Clifford C. Kuhn, M.D.

Keeping a long-term perspective is a healthy habit, but it produces a by-product that doesn''t always feel so good - humility.

Humility is tricky. Some of us pride ourselves on being humble. What a contradiction. If we think we''re humble, we''re probably not. True humility occurs in the absence of our awareness of it. Like humor, we can''t force it. It must flow naturally.

Humility can be produced by any experience that reminds us of our diminutive place in the grand scheme of the universe. For many, golf serves this purpose. It''s hard for me to understand why anyone would willingly and repeatedly submit to such humiliation, but that''s me. As a rule, I find it difficult to volunteer for pain and frustration, which is why I cannot manufacture my own humility.

Whenever I am forcefully reminded of my relative insignificance in the big picture of things, the first thing I want to do is shoot the messenger. Of course, that''s harder to do if I love the messenger, which I suppose explains why family members can often teach humility to one another and live to tell about it.

Over the years, performing comedy has been one of the most humbling experiences of my life. Before comedy, I basked in the status and respect I was receiving as a doctor and university professor. I can''t tell you how easy it is to be arrogant, when people continually come to you with problems and go away feeling better. So, I did the easy thing. I became enamored of my own brilliance.

Then, for reasons I still can''t fully comprehend, I thought it would be a good idea to become a standup comedian. Although a few people might suggest that psychiatry and standup comedy are essentially the same thing (actually, there''s a big difference - psychiatrists work sitting down), I believe most would acknowledge that I was making a rather dramatic leap.

So, I took off my white coat and left the hallowed halls of academia to enter the world of comedy clubs and one night stands. Suddenly I had no status and very little talent to help me. In this new world I was at the bottom of the pecking order. It was a humbling and, at times, humiliating experience. To this day there are comedy clubs I cannot visit without breaking into a cold sweat.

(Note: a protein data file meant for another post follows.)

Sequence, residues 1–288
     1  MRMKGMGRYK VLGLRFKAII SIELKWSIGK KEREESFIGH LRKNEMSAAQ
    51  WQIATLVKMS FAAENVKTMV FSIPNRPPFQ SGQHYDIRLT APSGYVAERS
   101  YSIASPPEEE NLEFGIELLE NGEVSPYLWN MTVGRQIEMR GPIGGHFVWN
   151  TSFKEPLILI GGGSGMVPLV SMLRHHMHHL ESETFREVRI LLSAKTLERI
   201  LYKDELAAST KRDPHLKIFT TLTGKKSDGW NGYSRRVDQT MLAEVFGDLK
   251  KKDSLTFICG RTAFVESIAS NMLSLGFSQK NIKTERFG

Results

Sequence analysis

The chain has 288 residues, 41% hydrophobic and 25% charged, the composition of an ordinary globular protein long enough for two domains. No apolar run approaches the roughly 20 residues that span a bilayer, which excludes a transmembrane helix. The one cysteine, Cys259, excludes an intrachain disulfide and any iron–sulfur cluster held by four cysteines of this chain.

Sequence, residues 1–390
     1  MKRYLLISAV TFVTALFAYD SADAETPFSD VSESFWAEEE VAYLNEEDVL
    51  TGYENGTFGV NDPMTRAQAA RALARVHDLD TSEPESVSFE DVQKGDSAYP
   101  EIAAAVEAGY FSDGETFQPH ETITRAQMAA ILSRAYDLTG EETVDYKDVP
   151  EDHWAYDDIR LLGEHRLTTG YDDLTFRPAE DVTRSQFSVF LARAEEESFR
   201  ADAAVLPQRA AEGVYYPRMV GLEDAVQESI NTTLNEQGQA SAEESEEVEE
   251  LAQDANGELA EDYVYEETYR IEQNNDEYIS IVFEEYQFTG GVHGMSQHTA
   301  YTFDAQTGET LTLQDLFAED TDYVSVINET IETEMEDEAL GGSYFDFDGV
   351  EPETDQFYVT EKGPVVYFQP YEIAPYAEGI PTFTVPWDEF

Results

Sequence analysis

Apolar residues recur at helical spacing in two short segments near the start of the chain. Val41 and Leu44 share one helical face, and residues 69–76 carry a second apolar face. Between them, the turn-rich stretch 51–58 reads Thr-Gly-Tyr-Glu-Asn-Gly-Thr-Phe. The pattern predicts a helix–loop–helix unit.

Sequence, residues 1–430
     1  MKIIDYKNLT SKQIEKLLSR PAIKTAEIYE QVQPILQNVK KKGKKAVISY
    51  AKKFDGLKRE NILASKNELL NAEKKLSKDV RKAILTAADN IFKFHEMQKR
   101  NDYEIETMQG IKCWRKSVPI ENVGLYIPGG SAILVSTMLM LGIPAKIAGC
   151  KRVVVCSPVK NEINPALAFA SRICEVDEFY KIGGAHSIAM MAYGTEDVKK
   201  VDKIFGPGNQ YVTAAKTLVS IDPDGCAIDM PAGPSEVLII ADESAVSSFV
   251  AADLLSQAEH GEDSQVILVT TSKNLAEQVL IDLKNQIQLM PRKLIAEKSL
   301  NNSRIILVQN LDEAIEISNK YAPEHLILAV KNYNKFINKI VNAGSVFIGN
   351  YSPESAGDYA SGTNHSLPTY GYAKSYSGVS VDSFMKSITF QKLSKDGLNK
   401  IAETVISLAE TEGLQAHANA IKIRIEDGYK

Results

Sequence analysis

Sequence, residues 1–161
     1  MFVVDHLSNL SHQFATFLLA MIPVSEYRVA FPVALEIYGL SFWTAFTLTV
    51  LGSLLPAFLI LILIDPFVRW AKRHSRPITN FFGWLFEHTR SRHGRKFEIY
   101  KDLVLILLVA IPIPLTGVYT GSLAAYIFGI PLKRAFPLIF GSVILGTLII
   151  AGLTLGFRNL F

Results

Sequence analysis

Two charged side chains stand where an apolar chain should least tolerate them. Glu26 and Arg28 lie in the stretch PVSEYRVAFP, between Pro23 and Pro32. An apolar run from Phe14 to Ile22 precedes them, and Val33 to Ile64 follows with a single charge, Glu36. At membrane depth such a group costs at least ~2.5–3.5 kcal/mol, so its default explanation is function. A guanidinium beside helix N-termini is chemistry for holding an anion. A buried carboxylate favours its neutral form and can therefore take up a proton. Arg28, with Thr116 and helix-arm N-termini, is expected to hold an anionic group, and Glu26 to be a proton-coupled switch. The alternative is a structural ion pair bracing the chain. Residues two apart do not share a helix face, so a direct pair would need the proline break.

Did I learn humility? I suppose I learned a little. You might have trouble noticing the difference if you didn''t know how extraordinarily arrogant I was before.

Charlie Chaplin once wrote, "Life is a tragedy in close-up; but a comedy in long shot." To me, that means, if we can keep our perspective, we not only have a shot at humility, but we will also have more fun and enjoy better health.

I continue to perform comedy because it provides me with that long-term perspective Chaplin was writing about. I''m making progress on the humility, but in my case there''s quite a long way to go. Occasionally my family shows up at my performance, just to make sure I don''t get ahead of myself.

Do you have any ritual or activity in your life that serves the purpose of keeping you humble? Maybe you''re lucky enough to have members of your family to do the job on a regular basis. Or, maybe you''re a golfer.

If you can''t identify anything, I urge you to consider introducing a new element to your life in which you have no experience, status or expertise. It might initially be humiliating, but I guarantee it will help you get a fresher and healthier look at the big picture.

Dr. Clifford Kuhn is both a psychiatrist and a comedian. He is professor of psychiatry at the University of Louisville School of Medicine. His book, The Fun Factor: Unleashing the Power of Humor at Home and on the Job , is available in bookstores and on his website. A professional member of the National Speakers Association, he offers entertaining workshops and presentations on humor skills and is available to anyone interested in enhancing performance, productivity and health by creating an atmosphere of fun. Results are guaranteed . Dr. Kuhn may be reached by phone (502-722-8732), e-mail ( or by visiting his website (

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